Dining in San Francisco; Hog Island Oysters at the Ferry Building and A 16 Restaurant
April 15, 2009
Last week while in San Francisco, we visited the Hog Island Oyster Company in the Ferry Building for their Monday night Happy Hour and followed it with a dinner at A 16.
After returning from the Alcatraz tour, we start walking down the Embarcadero toward the Ferry building. The plan is to get to the Hog Island Oyster company in time for their Monday Happy Hour (from 5-7 pm) when they have $1 oysters. Along the way we stop at an artisan chocolate shop called TCHO which is tucked into an old Pier building.
Hog Island Oyster Company
We arrive at the Hog Island Oyster Company around 4:40 and it’s already crowded. In fact, we’re told if we want a table outside the wait could be about an hour. However, there are seats at the bar, four on a corner (2×2) and would we like them? In what is quickly becoming a dining trend for us, we say yes and take our seats at the counter. Because Happy Hour does not begin for another 20 minutes, we order drinks to start at full price and peruse the menu. Sitting at the bar gives us a chance to watch the oyster shuckers in action and they are going full tilt given the waiting crowd, shucking dozens in advance of the orders they know will be coming. The oysters end up flying out without wait.
By the time the drinks arrive, we can order off the Happy Hour part of the menu and we start with some of everything on it; 2 dozen “Sweetwater” oysters ($1 each), warmed Castelvetrano olives ($5), Grilled Sardines- ($6) two enormous ones with breadcrumbs, baby bok choy and almonds, and Grilled shrimp- ($9), three huge ones, with harissa chili sauce. Later, we order 2 dozen more oysters and a few more drinks.
In contrast with an earlier lunch at a Fisherman’s Wharf tourist trap which shall remain nameless, the oysters here are served on a glistening mound of ice with the proper accompaniment of a perfect mignonette sauce. The sardines are freshly caught, moist, and perfectly grilled. The shrimp is tasty with the spicy sauce. Our “snack” for four is $123 before tax and tip. Note; most of our drinks (3 glasses of champagne, 2 glasses of wine, and 2 beers) were not at happy hour prices. Oysters are usually $2.25 each and up on the regular menu.
Full, happy, and a bit tipsy, we leave the Ferry Building and decide that a trip back to the hotel for a rest is in order before dinner. We want to try A 16, the sister restaurant of SPQR so I call them to see if I can get a reservation. All I get is a recording. When I try again a few minutes later, someone answers, but they tell me they are all booked, though we are welcome to walk in. We head back to the hotel on the F tram.
We meet up with our friends around 8 PM and walk a few blocks where we can pick up the #30 bus which will take us right by A 16. When we arrive, the restaurant is full and crowded in the cramped waiting area in the front. We’re told it could be up to an hour and D gives the host his cell number to call. I’m irritated. Waiting that long for a restaurant is a pet peeve of mine; I’d rather just go somewhere else. We take a walk down Chestnut Street, checking out all the cute shops and a couple of other restaurants. After about 20 min, we end up back at A16, debating if we want to wait any longer when D’s phone rings. It’s the host, telling us if we are willing to sit at the Chef’s Bar, we can be seated now. See what I mean about a trend?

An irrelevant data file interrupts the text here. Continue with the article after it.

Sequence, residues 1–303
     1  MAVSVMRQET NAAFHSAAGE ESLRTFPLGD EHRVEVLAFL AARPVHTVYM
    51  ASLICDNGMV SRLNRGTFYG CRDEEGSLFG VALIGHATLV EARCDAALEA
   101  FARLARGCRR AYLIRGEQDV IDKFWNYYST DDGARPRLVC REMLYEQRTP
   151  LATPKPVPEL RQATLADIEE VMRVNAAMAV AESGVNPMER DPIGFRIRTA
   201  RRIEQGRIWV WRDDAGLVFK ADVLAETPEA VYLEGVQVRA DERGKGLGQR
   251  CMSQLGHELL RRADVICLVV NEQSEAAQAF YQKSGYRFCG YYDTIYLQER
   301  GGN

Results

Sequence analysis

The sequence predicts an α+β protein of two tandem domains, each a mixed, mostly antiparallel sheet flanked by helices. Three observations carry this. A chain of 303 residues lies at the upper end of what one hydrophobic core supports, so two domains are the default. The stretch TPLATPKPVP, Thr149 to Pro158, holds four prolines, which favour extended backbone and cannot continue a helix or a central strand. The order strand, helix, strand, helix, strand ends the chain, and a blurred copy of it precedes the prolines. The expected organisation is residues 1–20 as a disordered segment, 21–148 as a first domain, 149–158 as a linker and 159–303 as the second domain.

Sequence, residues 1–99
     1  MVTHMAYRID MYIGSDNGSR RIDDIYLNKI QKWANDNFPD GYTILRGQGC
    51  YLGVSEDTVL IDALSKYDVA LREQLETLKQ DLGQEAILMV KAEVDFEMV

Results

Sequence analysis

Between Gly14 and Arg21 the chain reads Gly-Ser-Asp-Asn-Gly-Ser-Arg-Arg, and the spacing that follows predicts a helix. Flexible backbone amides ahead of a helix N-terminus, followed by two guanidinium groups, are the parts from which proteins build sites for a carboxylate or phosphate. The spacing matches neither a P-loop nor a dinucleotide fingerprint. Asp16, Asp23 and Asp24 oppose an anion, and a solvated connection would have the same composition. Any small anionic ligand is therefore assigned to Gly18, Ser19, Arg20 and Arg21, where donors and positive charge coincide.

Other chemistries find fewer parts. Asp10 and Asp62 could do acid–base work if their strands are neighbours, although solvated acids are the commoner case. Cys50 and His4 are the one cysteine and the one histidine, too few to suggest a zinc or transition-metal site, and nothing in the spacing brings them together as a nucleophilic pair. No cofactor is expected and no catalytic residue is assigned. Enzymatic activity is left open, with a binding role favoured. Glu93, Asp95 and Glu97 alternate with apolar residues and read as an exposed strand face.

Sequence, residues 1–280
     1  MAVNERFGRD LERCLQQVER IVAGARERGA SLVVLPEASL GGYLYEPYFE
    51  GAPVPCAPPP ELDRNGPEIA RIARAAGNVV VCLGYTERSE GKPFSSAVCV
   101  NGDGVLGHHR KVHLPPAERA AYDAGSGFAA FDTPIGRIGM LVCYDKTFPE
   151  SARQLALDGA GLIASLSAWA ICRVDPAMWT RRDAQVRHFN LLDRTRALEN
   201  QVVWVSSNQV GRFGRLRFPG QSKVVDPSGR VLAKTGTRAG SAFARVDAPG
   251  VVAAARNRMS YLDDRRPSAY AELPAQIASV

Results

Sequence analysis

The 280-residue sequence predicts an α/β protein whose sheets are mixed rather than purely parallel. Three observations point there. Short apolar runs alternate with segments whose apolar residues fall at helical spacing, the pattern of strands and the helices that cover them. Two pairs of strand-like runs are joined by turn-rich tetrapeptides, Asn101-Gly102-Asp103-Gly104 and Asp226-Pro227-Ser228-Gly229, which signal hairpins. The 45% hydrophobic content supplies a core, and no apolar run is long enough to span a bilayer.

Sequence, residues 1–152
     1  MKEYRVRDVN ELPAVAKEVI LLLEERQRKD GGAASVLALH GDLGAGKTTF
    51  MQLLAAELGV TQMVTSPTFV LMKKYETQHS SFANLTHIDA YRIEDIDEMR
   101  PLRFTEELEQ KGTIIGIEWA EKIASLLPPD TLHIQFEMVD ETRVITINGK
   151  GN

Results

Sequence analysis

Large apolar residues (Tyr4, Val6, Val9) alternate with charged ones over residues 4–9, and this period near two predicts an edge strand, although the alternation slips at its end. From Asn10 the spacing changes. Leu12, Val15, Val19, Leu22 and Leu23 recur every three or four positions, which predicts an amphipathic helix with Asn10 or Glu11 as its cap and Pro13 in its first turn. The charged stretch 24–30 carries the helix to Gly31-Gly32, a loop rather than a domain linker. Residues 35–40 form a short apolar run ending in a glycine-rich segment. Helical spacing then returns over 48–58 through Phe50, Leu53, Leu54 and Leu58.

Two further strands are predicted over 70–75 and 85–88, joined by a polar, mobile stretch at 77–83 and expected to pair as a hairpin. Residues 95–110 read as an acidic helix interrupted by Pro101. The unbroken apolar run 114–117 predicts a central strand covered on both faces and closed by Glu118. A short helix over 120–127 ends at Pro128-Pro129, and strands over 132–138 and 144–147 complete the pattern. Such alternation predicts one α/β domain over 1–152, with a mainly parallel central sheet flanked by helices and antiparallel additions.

We are seated right in front of the pizza oven and it’s hot! So hot that J strips down to a tank top, T removes a layer in the restroom and I’m contemplating if I can get away with sitting there in a bra, this being San Francisco after all. I decide to roll up my sleeves instead and order a very cold white wine.
We look at the menu and settle on a bunch of dishes to share;
Romaine and Chicory Salad with lemon and Olive oil ($6)
Roasted Beets with Full Belly Farm Farro Salad, roasted cipolline, mint & ricotta salata ($10)
“Monday Meatball” special (1/2 order, $11)
Maccaronara with tomato ragu and house-made ricotta salata (1/2 order, $9)
Ricotta gnocchi with roasted wild mushrooms, green garlic and fava leaves (1/2 order, $10)
Verde Pizza-fresh ricotta, asparagus, prosciutto cotto, red onion, grana padano, chilies, olive oil, ($16)
Side of Erbette Chard with garlic, anchovy and lemon ($6)
Roasted Carrots and turnips with green garlic, mint and chiles ($6)
Both salads are lovely and I vow to try and recreate the beet one soon. The pasta dishes are “ok”. I found the gnocchi bland, but T loved it, so it just goes to show how much food is a matter of individual taste. The special meatballs are excellent. The chard is so good I do recreate it on Easter Sunday (recipe coming soon). The pizza is very good and after watching the pizza cook make dozens of them, next time
I think I’d order the “salsiccia” pizza with fennel sausage. I think I’d also try some of their various house cured salumi. D sits next to a “regular” who fills us in on the local gossip about some of the other regulars at the bar, life in the neighborhood, and what he knows about the restaurant. His Beef Flank arrotolato looks pretty darn good too.
Again, we very much enjoy sitting at the counter watching the cooks do their thing. The cooks are all in white, short-sleeved shirts, aprons and the ubiquitous tatoos. I’m impressed by the calm demeanor of the Sous Chef who obviously enjoys the respect of her cooks. Every plate which left the line was checked by her, garnished, and perfected. Service is great and we’re all happy with our meal. Dinner for four, with 4 drinks is $114 before tax and tip.